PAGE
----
This is an excerpt from Richard Langston’s new book, Pull Down The Shades published by Hozac Books of Chicago and available on pre-order through Flying Nun.
Christchurch’s Roy Montgomery has earned an international reputation in the underground rock world since his early days with The Pin Group and his nearly 30 years of making solo records, from the lo-fi, to the cinematic, and to the experimental. In recent years he’s been prolific, releasing albums at a dizzying rate on Grapefruit Records in the USA. He’s about to tour Europe with the Dead C. He spoke to Richard Langston.
I got a surprise listening to the opening track on one of your recent albums…the song ”Audioramble” on Audiotherapy (2022)…the surprising levity of it…you seem to be sending yourself up…or some character who might resemble you?
I have wanted to do something like this from the first time I heard the third Velvet Underground LP. Something kind of light but still deliberate.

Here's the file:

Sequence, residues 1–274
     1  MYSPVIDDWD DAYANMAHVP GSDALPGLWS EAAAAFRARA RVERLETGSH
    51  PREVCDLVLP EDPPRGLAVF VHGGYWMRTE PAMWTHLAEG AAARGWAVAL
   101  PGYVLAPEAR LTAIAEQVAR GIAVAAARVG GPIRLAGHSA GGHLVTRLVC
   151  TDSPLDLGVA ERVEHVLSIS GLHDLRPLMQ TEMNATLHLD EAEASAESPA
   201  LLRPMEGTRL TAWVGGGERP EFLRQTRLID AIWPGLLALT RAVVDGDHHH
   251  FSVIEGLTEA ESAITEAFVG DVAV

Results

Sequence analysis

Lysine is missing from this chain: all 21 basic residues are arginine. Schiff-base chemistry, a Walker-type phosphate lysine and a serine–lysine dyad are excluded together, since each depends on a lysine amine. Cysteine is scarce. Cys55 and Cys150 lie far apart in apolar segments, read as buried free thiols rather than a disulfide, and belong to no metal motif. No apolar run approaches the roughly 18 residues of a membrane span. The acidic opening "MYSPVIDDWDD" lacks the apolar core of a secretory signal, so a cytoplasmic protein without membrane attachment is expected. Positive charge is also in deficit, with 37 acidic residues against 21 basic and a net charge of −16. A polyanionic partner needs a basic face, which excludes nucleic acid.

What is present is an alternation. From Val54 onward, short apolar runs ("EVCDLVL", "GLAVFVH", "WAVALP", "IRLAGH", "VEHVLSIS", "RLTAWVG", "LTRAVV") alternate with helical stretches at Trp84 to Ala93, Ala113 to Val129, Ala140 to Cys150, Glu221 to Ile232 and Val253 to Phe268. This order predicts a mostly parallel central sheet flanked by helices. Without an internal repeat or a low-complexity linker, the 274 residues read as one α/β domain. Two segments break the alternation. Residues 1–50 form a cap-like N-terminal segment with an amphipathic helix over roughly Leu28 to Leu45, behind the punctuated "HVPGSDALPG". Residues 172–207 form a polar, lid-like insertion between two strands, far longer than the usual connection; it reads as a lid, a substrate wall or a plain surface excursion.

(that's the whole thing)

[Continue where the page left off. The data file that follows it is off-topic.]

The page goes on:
It’s a great vocal too by the way…I know you can be critical of your singing…the song’s almost got a pop feel to it…those backing singers and their line of …’bah bup bah bah ‘..like something off Loaded…
Loaded or the 3rd LP…
The song’s a reminder that there was often a dark humour in the Christchurch scene from its earliest days…
There was a lot of black humour around in those days which some people missed. I think there was a seriousness but also a sense of perspective. Pipe dreams and big-headedness belonged to other music scenes.
I recently discovered on the inside of the fly cover of my Pin Group single… someone had written ’Pin Group This is Shit’ – which I believe was Ronnie van Hout ..showing his sense of humour …as he was screen printing those 300 covers…or whatever number it was…
I am pretty sure it was Ross Humphries who added that liner note and others. The screen printing was a collective effort but still quite tedious, so it was bound to lead to such waggish behaviour.
It’s insane the money those first two singles sell for these days second hand…a minimum of a $1000…and up to $4000… I guess Ronnie’s artful covers has added lustre and attraction…what are your thoughts about that?